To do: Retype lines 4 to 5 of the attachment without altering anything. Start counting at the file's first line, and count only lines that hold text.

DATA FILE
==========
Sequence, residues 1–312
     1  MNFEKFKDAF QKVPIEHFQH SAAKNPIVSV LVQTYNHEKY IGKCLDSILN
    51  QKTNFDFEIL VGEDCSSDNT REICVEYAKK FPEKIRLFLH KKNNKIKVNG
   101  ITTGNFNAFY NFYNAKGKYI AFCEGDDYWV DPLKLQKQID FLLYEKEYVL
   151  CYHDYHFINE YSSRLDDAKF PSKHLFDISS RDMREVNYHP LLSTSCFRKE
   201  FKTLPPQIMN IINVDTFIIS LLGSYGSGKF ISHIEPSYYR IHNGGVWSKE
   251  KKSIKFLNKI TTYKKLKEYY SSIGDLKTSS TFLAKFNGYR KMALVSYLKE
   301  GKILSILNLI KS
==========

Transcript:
   101  ITTGNFNAFY NFYNAKGKYI AFCEGDDYWV DPLKLQKQID FLLYEKEYVL
   151  CYHDYHFINE YSSRLDDAKF PSKHLFDISS RDMREVNYHP LLSTSCFRKE